Honda Motorcycles 1959 to 1985: Enthusiasts Guide is designed to aid the non-professional motorcycle collector decide whether or not to buy and restore Honda motorcycles produced between 1959 and 1985. For each of these models, author Doug Mitchel provides four to six paragraphs describing the bike in general terms including difference and similarities between the model being discussed and other similar models. In addition, bullet points for each model will include the following information: cost to acquire the project; value when finished; which bikes/models should not be restored due to declining value; and where to find the frame and engine numbers. This new book will also include what to look for when checking the condition of items like the paint and decals, chrome, seat, rubber parts, and suspension. A general section at the back of the book will offer the reader help deciding where to buy classic bikes, where to get parts, who to call for help, and which parts of the restoration should be farmed out to experts with specific skills.
Volume V: Part I of Ii—The Shovelhead: 1966 to 1985
Author: Donny Petersen
Donny Petersen, who studied privately with Harley-Davidson engineers, shares practical knowledge and street-wise tips in the fifth volume of his unauthorized guide on the best motorcycle maker in the world. Written in straightforward language, this guide can help even a motorcycle novice to become an expert mechanic by following Donnys step-by-step instructions. Whether youre looking for detailed service procedures such as fitting engine bearings or simple tips on maintenance, Donny is eager to share the expertise hes stockpiled on the Shovelhead over the last forty years. Donny shares real stories so you can find solutions to whatever is ailing your Shovelhead. Resolve teething problems, troubleshoot problematic aspects of the engine, and fix whatever comes up with various models. Gear ratios, torque multiplication, and H-D and aftermarket tools of the day are prominent in the guide, which even includes information on tools Donny invented himself to make your life easier. Get the specifications for tightening all the Shovelhead fasteners and adjustments to mechanisms on various models. In his usual forthright manner, Donny makes technical issues understandable, interspersing explanations with entertaining stories about the hard core lifestyle that comes with being a Harley rider.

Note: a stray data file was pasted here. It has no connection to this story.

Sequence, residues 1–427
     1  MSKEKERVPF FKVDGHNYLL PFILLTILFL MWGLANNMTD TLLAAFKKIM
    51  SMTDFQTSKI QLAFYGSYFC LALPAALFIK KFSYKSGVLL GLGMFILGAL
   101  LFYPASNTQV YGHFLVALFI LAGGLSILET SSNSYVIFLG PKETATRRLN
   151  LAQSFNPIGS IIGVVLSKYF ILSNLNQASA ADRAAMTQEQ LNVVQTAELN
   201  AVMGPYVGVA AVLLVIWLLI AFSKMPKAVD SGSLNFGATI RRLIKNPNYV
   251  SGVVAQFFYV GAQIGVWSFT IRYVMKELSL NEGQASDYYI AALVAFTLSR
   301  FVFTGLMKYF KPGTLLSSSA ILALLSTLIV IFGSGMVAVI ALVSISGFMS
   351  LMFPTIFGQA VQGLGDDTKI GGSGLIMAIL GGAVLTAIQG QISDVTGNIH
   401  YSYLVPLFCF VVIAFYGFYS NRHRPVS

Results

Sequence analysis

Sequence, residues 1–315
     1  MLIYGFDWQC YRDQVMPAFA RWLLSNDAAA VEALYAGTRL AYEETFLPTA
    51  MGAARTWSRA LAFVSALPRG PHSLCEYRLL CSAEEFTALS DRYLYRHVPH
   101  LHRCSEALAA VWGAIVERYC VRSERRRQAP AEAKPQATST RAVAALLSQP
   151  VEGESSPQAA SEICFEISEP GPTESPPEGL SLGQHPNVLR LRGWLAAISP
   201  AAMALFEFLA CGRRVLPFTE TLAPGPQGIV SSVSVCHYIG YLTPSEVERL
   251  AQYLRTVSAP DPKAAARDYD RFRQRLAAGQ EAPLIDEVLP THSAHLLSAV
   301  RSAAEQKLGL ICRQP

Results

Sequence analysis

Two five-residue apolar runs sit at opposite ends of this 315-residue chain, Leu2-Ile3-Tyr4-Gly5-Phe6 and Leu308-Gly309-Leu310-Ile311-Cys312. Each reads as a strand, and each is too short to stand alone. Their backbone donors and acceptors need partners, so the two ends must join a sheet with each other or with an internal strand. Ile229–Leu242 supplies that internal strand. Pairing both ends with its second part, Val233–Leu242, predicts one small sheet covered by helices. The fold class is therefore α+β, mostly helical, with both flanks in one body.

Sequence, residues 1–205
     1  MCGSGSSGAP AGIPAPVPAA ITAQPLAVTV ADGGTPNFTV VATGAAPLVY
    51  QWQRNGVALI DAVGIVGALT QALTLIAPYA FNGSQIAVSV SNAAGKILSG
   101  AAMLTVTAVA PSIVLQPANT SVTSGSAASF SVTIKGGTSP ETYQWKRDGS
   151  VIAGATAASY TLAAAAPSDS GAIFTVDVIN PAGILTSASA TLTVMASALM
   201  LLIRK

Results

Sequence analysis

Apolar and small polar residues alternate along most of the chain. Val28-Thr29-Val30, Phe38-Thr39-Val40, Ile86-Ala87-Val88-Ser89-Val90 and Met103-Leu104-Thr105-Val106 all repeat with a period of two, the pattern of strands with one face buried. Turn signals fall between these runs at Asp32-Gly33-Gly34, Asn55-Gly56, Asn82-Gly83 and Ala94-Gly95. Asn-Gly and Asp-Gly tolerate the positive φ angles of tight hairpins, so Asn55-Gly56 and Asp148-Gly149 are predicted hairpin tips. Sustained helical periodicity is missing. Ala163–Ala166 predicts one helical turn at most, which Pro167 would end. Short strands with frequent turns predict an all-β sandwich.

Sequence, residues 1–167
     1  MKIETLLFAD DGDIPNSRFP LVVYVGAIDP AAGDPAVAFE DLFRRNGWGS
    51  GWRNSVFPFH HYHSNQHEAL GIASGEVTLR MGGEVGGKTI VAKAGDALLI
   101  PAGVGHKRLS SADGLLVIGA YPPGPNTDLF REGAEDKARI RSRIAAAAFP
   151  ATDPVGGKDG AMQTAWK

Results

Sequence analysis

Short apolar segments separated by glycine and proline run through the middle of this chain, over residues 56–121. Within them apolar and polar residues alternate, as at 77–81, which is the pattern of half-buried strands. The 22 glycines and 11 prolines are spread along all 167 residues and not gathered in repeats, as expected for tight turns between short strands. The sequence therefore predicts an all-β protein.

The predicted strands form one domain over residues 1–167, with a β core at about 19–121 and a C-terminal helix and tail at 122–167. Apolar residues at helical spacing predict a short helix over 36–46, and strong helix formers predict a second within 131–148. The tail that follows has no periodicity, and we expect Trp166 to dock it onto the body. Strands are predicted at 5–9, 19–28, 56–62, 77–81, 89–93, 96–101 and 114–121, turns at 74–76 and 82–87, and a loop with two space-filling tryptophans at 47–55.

This is the book collectors, restorers, and nostalgic fans of the machines of our youth have been waiting to arrive! After years of extensive research through archives of motorcycle magazines, books, and brochures from the classic era, the founder of the seminal Tiddlerosis website has published his magnum opus on the subject. The Tiddler Invasion covers many miles of two-wheeled motorized nostalgia. Thousands of facts, figures, colors, specifications, and even original prices are packed into more than 600 detailed pages. The story of the invasion of the USA by small motorcycles and scooters in the 1955-1975 era is told with enthusiasm for these many wondrous little machines by someone who lived through that special time in our nation's history. The book includes approximately 180 charts of the popular models sold in the U.S. during the period and well over 400 B&W photos. The author and two major collectors of these special little bikes share nostalgic personal remembrances of a wondrous time past. The focus of The Tiddler Invasion is on the most common machines of the period, mostly from Japan. Honda, Yamaha, Kawasaki, and Suzuki each have a detailed chapter. Bridgestone, Hodaka, Tohatsu, and other early brands share a chapter. The story basically begins with the arrival of the Honda 50 in 1959 and ends with the release of the Gold Wing in 1975. The tiddler era rose to prominence in the Sixties and began its slow descent into obscurity as the Kawasaki Mach III, the Honda 750 Four, and the Kawasaki Z-1 took over the U.S. motorcycle market. The major brands from the USA are detailed in a chapter, too. This group is of course dominated by Harley-Davidson, Allstate, and Cushman, just as it was back then. There are no H-D Big Twins here, but plenty of Hummers, Toppers, Super Eagles, Mopeds and Twingles! There were countless European brands and models imported in the Sixties, but only those of significance are included. As we all know, most of the European models were either large road burners, obscure small Italian bikes and scooters, or off-road competition machines. You will not find Nortons, Guzzis, Maicos or Parillas here, but the European chapter is quite sizable nonetheless. The most difficult element to communicate to a prospective reader is the definition of the machines and parameters included in this book. The concept of The Tiddler Invasion is unique to the time and place. Although the 50cc machines began Americans' rush to motorcycle dealerships, the market rapidly expanded from that point. The smallest machines covered in the book are the true tiddlers, but these little putt-putts for kids comprised only the tip of the iceberg. Many classic 250cc sports machines such as the Ducati Diana, Harley-Davidson Sprint H, Honda Hawk, Yamaha YDS-2, Suzuki X-6, and Bultaco Metralla roar through the pages of this book! The Kawasaki Triples scream through it so much you will choke on the two-stroke smoke! The author has a thing for the Honda Scramblers, as if they were dark-haired beauties in bikinis or something. The kings of upswept exhaust pipes and crossbrace handlebars get their own chapter. Once you have possession of this book, you will never want to give it up. The Tidder Invasion is not a coffee table book of pretty color pictures. It is a reference guide crammed to the Snuff-or-Nots with useful info for collectors and enthusiasts of small classic motorcycles. The author began collecting motorcycle brochures and magazines in 1962. Reproductions of and detailed information from these sources are included in this extensive reference guide. The author of this book is not a collector, a photographer, or a restorer. He is a super-nerd who clearly loves these classic machines. The earliest part of this book was written in 1985 on a 1959 IBM typewriter. Now with the help of modern computers, the whole, wonderful, magical story of that very special era in American history can finally be told!